PET FRIENDLY: FIRST AID, CPR and Evac Plan–Are You Prepared?

Published by Erin Edwards on

According to the American Animal Hospital Association (AAHA) 1-out-of-4 more pets would survive, if just one pet first aid technique was applied prior to getting emergency veterinary care. Learn how you can help your pet in an emergency.

The First Aid Basics:

**Always consult a professional First Aid/CPR Animal Certified instructor to assure proper procedures**

  • Make sure you have a First Aid Pet kit for your animal, Diatonic Designs, LLC has an amazing kit prepared with your pet in mind and YOU the PET parent too! From emergency blankets to band-aids to ointments safe for your fur baby!
    • Stocked with over 42 items in it–we LOVE it in our home, great for travel too!
  • Poisoning & Exposure to Toxins: rule of thumb if it is harmful to you it is more thank likely harmful to your pet. If they get exposed to these hazards, read the label and do what you would for your “hoomans”– wash your pet’s skin with soap and water (don’t get any into its eyes, mouth or nose).
    • Call your Vet or local emergency vet clinic
    • Animal Poison Control Center hotline (888.426.4435 – available 365 days/year, 24 hours/day) immediately. There is a fee for the consultation. (Have this info posted on your fridge!)
  • Seizures: keep your pet away from any objects (including furniture) that might hurt it.
    • Do not try to restrain the pet.
    • Time the seizure (they usually last 2-3 minutes).
    • After the seizure has stopped, keep your pet as warm and quiet as possible and contact your veterinarian.

There are many other emergency First Aid procedures that a pet parent should learn and educate themselves about: fractures, burns, bleeding (internal/external), choking, heatstroke, shock, etc. We recommend taking a First Aid Class, a Google search in your area should easily find you reputable ones.

CPR Basics on a sweet doggie!
Courtesy of a verified source ProCPR



CPR (Strongly varies based on SIZE and Weight and Breed of pet):

  • What to do if your pet is not breathing: STAY CALM – have someone call vet if they are able for you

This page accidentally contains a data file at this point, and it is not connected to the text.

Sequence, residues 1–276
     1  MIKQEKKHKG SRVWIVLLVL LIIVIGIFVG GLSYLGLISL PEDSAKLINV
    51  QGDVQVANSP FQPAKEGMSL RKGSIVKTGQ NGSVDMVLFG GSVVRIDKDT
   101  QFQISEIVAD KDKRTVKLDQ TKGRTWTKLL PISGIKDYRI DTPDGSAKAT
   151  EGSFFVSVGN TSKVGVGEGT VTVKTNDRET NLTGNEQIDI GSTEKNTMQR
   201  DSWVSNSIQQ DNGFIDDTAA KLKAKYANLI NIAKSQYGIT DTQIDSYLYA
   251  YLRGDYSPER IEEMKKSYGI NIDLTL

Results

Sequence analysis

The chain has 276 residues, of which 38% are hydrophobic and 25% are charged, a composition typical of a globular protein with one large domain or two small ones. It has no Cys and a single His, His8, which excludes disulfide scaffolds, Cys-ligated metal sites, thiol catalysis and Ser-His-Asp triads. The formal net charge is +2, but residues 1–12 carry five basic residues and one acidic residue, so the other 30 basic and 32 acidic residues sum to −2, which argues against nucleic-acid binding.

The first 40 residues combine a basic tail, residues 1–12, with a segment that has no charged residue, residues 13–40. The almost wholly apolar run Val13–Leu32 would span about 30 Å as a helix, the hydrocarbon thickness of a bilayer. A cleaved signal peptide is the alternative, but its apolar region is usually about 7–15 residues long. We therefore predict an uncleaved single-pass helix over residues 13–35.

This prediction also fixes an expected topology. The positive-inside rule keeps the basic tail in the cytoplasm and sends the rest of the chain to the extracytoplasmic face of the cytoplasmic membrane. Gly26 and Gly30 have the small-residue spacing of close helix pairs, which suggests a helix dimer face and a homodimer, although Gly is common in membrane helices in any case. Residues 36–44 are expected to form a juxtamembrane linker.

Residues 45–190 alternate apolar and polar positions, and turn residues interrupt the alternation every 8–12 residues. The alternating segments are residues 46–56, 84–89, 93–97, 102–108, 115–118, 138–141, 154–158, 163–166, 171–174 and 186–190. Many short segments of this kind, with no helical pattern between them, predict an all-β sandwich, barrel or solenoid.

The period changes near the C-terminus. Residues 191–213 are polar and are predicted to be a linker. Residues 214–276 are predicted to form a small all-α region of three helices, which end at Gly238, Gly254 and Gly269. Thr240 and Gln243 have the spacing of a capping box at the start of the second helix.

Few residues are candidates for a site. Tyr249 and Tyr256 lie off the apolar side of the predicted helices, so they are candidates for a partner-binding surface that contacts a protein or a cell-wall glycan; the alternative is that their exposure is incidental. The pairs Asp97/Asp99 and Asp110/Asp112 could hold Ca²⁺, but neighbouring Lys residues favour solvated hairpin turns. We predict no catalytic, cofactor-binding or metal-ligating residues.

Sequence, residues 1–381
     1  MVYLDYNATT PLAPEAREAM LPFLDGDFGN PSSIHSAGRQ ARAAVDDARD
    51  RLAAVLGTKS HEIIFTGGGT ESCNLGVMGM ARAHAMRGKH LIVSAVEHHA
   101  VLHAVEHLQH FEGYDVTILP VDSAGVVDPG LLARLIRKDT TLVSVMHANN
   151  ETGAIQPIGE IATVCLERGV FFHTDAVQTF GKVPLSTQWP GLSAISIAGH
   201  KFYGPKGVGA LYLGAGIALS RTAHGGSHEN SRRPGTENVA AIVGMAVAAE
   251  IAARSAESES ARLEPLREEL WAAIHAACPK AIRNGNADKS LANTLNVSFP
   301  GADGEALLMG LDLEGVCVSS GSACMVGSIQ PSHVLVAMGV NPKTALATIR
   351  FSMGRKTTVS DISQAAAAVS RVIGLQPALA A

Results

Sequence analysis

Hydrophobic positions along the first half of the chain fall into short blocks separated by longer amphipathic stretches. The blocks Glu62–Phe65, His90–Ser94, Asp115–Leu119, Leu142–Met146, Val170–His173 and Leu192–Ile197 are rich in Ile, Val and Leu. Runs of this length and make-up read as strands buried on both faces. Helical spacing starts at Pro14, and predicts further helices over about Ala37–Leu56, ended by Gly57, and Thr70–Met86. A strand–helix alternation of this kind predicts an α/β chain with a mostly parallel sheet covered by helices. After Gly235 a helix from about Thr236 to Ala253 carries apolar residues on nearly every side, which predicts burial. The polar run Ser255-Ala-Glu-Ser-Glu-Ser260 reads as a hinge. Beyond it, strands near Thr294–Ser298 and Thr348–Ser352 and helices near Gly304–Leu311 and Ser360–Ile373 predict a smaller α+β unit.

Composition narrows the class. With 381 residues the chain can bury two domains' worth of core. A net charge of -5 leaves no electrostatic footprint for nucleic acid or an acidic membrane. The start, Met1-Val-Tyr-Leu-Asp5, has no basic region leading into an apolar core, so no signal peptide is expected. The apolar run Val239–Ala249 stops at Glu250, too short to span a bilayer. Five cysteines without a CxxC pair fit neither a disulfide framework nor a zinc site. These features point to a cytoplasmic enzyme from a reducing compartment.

• Check to see if your pet is unconscious.
    • Open your pet’s airway by gently grasping its tongue and pulling it forward (out of the mouth) until it is flat.
    • Start rescue breathing by closing your pet’s mouth (hold it closed with your hand) and breathing with your mouth directly into its nose until you see the animal’s chest expand. Once the chest expands, continue the rescue breathing once every 4 or 5 seconds.
  • Again, we STRONGLY recommend you take a Certified CPR class for pets and for hoomans too! Many local agencies like the Red Cross combine both.

Ready – Pets – Go!

  • Making a Pet Preparedness Plan: You should have a plan in place for the entire family about preparedness tips, tricks, and resources. Visit Make a Plan for help getting started on making a plan for the ENTIRE family!
    • Evacuation escape routes for your house and a secure place to meet
    • Have emergency bags packed and ready to go, including your PET bag essentials to include food, medicine, leash, blanket, treats and the first aid kit
    • Have phone numbers at the ready on your phone and on the fridge to grab/utilize

60% off all American Homes do NOT have an Emergency Preparedness Plan ready–Do NOT be one of those, and remember YOUR fur baby is an important part of that planning!

Again, always consult a professional First Aid/CPR trainer or Veterinarian to ensure safe and proper procedures and preventative measures are utilized.

Pet Treater tries to give important insight for our pet families that benefit the pets and their loved ones. We appreciate all of you. Not yet part of the Pet Treater Pack, visit us at Pet Treater and see what we are all about–plans starting as low as $15 per month!

With many purrs and paws,


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